Park Avenue Ultra and Seville models, a newly developed hydro-bushing
lower control arm with improved damping characteristics has been
released. This control arm is not used on the LeSabre. The new lower
control arms may provide an incremental improvement to the vehicle ride.
Customers who have become "tuned in" to the shake condition may still
feel some shake in the vehicle after the new lower control arms are
installed. Refer to Lower Control Arm Replacement in SI (refer to the
Parts Information table below for SI document ID numbers).
THE CONTROL ARMS SHOULD ONLY BE INSTALLED ON VEHICLES IF, AFTER
THE TIRE AND WHEEL DIAGNOSIS AND REPAIRS HAVE BEEN PERFORMED, THE
VIBRATION CONDITION STILL EXISTS.
Seville (SLS, STS)
DeVille (DTS only)
Lower Control Arm, Left (Aurora, Bonneville, DeVille, Park Avenue, Park
Avenue Ultra, Seville)
Aurora -- 639351
Bonneville -- 657809
DeVille w/FE1, FE3 -- 724856
DeVille w/FE7 -- 724858
Park Avenue, Park Avenue Ultra -- 657760
Seville -- 539332
Nov 05, 2004 (2:16 am)
My service manager followed this procedure for my 03 LeSabre with Michelin Symmetry 16 inch tires.
The force variation of 12 pounds is a maximum if you're a perfectionist about the slight shake.
I have one that was 12, the others were all single digits. I can tell when the 12 is rotated to the front. If you want perfection, get a tire - wheel combo with less than 12. It may mean new tires for two of the rims, assuming new ones will have less uneveness than the ones you already have. That may not be true...
The dealer was putting new tires on a Gran Prix for shake problems. They measured in the high teens and were a name brand same as the original tires (the company used blimps).
Does anyone who why the new A-arms aren't available for LeSabres? Are LeSabre's different in build quality than Park Avenues (they look the same underneath) or the other related cars? Aurora, STS, Deville.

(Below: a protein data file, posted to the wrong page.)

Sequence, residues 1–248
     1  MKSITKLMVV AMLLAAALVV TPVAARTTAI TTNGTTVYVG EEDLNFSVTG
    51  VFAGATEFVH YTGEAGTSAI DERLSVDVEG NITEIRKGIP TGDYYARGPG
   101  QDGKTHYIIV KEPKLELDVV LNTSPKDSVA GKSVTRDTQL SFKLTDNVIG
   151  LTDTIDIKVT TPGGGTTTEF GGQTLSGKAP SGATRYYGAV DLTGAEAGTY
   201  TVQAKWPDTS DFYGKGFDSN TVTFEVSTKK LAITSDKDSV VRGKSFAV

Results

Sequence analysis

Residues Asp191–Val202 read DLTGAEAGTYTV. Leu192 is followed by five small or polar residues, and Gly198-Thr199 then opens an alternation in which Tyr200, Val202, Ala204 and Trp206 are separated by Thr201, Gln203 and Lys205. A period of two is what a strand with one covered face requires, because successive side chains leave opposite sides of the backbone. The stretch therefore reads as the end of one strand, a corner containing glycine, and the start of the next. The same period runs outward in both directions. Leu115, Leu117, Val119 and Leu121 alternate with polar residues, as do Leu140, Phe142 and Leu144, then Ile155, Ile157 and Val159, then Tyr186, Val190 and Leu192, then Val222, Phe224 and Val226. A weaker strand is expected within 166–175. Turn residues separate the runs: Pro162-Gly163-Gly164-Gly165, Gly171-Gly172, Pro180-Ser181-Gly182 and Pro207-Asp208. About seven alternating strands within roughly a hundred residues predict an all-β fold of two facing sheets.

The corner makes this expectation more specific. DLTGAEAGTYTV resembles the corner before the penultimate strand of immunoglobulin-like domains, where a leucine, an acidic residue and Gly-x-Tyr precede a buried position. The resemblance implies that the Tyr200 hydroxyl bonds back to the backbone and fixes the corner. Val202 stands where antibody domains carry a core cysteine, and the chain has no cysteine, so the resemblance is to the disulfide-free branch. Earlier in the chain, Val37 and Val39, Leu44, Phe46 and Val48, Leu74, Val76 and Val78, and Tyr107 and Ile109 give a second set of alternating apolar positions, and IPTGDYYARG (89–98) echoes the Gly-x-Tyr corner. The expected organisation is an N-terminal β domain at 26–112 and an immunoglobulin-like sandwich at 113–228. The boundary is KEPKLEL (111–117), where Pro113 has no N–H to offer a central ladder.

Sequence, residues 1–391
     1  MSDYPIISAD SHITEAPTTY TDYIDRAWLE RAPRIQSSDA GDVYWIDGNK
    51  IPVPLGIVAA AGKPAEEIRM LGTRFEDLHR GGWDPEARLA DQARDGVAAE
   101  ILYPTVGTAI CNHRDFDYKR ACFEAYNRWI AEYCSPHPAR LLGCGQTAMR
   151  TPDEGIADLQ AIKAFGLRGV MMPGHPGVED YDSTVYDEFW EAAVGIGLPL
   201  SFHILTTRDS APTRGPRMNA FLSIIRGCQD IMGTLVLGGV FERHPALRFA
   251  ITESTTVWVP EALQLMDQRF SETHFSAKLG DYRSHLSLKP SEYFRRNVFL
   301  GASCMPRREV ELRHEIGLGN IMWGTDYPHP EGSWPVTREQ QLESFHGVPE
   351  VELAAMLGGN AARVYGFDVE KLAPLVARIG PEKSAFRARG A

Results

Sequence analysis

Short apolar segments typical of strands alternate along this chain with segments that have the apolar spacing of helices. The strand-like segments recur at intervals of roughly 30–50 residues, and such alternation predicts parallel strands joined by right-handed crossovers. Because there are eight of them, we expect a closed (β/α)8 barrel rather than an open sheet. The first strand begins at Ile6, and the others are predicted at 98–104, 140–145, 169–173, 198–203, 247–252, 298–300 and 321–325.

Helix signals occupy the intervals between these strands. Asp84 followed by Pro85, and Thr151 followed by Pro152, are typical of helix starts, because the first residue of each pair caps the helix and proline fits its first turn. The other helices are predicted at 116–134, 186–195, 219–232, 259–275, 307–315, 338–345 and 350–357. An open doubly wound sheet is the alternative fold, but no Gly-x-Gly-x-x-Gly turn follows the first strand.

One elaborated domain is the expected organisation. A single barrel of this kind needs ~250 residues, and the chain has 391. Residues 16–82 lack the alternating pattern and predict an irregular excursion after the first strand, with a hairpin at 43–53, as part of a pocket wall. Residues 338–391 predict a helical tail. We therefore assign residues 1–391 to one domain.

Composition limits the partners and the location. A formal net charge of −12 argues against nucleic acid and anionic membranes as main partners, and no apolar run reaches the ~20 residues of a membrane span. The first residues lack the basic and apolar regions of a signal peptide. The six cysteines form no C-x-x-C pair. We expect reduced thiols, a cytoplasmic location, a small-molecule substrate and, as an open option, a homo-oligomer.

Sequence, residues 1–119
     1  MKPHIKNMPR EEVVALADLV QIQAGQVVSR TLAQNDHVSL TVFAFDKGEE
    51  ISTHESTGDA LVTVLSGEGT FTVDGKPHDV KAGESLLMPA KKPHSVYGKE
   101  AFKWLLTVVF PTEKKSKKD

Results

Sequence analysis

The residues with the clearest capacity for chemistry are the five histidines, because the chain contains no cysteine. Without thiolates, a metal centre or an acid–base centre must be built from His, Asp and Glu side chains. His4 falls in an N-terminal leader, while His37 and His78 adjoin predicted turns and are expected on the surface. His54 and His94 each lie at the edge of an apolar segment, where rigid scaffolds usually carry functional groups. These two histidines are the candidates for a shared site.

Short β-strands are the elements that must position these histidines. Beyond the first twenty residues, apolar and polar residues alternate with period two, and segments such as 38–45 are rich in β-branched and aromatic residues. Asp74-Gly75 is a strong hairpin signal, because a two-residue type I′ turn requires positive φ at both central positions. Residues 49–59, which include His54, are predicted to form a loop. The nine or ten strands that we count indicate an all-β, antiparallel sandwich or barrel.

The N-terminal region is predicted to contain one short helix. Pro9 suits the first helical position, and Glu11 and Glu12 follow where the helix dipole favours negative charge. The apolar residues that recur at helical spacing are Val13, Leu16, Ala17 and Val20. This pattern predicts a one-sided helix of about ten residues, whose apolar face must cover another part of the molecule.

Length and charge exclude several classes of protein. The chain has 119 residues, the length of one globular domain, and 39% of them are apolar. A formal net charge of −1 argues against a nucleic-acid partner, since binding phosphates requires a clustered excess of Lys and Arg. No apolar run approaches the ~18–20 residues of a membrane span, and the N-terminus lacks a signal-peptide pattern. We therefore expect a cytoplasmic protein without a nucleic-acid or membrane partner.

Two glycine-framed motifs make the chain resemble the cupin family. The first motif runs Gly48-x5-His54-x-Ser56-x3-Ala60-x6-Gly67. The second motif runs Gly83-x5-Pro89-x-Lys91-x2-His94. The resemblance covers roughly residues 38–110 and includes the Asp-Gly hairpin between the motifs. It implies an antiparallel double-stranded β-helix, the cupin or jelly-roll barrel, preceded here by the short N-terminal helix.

#5390 of 5876 Re: TSB [imidazol97]
Nov 05, 2004 (9:26 pm)
Pretty sure its because the LeSabres use 16" as where the previously listed cars use 17".
Nov 06, 2004 (3:19 am)
What's better, Mobil 1 Synthetic, or Valvoline Synthetic, or do you think they're pretty equal?
Nov 06, 2004 (9:07 am)
Both meet the Covette GM4718 standard for synthetic oils. So, yes I would say they are equally good. I plan to ask my new Cadillac dealer (now a Chevy-Cadillac dealer) to put Mobil one in my Cadillac, since they should keep it on hand for the Corvettes. I considered using it in the 98 Aurora that I had, but the oil monitor called for changes at 3000 to 4000 mile intervals, which would have been expensive. The newer northstars go much further between changes, at least twice a far, so cost is much more reasonable.
#5393 of 5876 Just an observation;
Nov 06, 2004 (2:17 pm)
I have a 97 and an 01 Aurora. The 97 is mine and the 01, which was mine, is now my wife's. I washed both today, and as I was driving up to vacuum hers out, I just noticed how much "tighter" the 97 feels. No rattles at all; surprising for a 8 year old car with 77,000 miles. The 01, on the other hand, with only 34,000 miles, rattles like crazy, mainly from the dashboard area, and the suspension doesn't seem as tight. This is not a criticism, merely an observation. I really like both my Aurora's, just surprised by the difference.
Nov 06, 2004 (4:10 pm)
My 2002 Seville, which is the same wheelbase, seems very tight yet at 28000. But the 01 Aurora may have been a lighter body like the Lesabre/Bonneville, while the Seville is heavier. My 98 Aurora was still tight with a bit over 50,000 on it when I traded.
#5395 of 5876 Re: [sls002]
Nov 07, 2004 (3:37 am)
Why did you trade your Aurora??
#5396 of 5876 synthetic oil
Nov 07, 2004 (5:05 am)
I was reading on the oil boards this morning that switching to synthetic on a higher mileage car , in my case 77,000, is really a waste of money. I tend to disagree. What do you guys think?
#5397 of 5876 Re: synthetic oil [2k1olds]
Nov 07, 2004 (8:14 am)
I don't read the oil boards, so I don't know -- what is the reasoning behind "really a waste of money"? Engine wear doesn't stop at high miles.
I started using Mobil 1 in my V6 Fiero at about 80,000 miles, somewhat concerned about the common advice that oil leaks would develop. None did and the oil-smoke-on-startup problem disappeared (almost all Chevy 2.8L V6s suffer from leaky valve stem oil seals at high miles). With that experience I started using M1 right away when I purchased my '97 Classis at 37,000.